housing and urban development
Single-detached houses in the 416 are getting hard to come by - equally in terms of affordability and supply. This new reality has given rise to different forms of high-density housing, which the Canadian Home Builders' Association refers to as "missing middle" housing.
If you're lucky enough to own a small slice of the GTA's pricey property pie, you could find yourself among those vehemently opposed to any new development in their neighbourhood. After all, established Toronto hot spots like The Annex, Bloor West Village and Mount Pleasant are full, right? But here's the problem.
It's not an uncommon image in urban India: a toddler -- dusty, tear-stained face, wearing ragged clothing, sitting alone at a construction site.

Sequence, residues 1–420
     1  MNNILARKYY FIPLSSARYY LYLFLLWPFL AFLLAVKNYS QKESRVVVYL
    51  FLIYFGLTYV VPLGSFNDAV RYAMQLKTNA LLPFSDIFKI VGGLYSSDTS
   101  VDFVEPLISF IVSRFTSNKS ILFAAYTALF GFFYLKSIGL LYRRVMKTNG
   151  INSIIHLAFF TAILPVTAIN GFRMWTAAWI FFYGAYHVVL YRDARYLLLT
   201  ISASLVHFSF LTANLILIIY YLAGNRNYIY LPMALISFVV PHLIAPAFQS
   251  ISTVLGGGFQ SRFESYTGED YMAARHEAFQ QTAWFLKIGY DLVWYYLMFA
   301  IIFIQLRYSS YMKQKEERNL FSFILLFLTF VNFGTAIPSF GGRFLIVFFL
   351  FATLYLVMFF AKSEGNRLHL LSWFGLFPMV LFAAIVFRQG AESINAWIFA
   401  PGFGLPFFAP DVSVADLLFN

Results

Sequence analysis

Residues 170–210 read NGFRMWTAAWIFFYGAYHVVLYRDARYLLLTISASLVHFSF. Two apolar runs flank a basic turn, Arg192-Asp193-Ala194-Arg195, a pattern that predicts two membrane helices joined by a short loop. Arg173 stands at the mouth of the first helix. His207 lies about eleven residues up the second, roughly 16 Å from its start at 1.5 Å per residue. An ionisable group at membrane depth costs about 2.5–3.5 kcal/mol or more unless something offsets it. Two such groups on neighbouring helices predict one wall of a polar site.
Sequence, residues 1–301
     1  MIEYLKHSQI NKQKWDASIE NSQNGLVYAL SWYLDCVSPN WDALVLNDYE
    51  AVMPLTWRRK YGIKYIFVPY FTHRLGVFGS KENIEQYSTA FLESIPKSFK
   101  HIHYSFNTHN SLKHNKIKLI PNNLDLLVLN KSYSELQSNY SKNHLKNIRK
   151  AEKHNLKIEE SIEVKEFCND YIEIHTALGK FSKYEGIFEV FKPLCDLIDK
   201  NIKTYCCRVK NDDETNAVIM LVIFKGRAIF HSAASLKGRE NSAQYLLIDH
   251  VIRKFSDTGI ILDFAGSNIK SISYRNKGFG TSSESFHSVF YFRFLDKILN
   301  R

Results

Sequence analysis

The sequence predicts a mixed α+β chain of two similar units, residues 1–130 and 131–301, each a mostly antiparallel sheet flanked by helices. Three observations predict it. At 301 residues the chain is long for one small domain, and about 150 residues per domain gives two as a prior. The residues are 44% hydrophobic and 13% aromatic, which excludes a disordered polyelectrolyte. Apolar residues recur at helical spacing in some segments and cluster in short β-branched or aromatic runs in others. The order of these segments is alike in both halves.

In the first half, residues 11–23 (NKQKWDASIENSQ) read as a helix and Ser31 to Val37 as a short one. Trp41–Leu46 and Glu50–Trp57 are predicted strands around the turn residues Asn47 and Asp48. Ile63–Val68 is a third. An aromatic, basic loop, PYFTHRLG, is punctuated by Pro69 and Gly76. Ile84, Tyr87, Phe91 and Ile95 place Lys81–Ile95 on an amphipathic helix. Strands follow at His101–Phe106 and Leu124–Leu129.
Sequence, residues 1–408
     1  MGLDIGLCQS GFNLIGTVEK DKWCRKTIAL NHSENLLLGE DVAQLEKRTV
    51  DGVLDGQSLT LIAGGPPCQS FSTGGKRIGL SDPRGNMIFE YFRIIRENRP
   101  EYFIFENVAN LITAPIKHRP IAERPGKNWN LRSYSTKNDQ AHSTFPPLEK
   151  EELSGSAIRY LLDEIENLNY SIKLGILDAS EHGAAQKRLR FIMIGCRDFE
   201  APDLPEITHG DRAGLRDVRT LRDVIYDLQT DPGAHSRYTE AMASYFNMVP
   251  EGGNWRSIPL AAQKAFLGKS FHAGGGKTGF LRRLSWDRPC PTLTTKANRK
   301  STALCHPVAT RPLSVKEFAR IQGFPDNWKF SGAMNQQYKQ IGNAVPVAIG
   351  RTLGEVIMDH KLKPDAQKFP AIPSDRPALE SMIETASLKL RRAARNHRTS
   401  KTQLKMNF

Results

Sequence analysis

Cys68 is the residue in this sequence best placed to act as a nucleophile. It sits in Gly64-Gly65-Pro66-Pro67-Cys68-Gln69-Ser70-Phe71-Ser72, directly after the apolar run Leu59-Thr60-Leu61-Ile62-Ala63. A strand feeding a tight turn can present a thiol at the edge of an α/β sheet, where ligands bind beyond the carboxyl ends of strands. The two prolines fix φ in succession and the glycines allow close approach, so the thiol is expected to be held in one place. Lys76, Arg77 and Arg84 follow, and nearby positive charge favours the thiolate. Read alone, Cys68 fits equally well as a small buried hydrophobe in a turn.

Gentrification can crowd out, or displace, communities (typically ethnic) and social networks whilst newcomers transform the very character of our vibrant communities. It is a blow to low-income residents who often move out or stay behind only to pay higher rents. Our hidden agenda is not so hidden: Sustainable gentrification triggered by planned urban development -- not a brazen force blindly driven by dollars--that protects the most vulnerable in our communities long after the Pan Am athletes pack their bags.